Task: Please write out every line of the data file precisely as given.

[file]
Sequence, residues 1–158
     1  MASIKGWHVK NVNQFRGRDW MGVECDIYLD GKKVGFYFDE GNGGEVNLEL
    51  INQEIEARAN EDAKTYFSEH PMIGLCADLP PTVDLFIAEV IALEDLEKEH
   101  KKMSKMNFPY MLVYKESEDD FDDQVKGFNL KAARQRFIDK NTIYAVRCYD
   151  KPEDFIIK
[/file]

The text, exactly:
Sequence, residues 1–158
     1  MASIKGWHVK NVNQFRGRDW MGVECDIYLD GKKVGFYFDE GNGGEVNLEL
    51  INQEIEARAN EDAKTYFSEH PMIGLCADLP PTVDLFIAEV IALEDLEKEH
   101  KKMSKMNFPY MLVYKESEDD FDDQVKGFNL KAARQRFIDK NTIYAVRCYD
   151  KPEDFIIK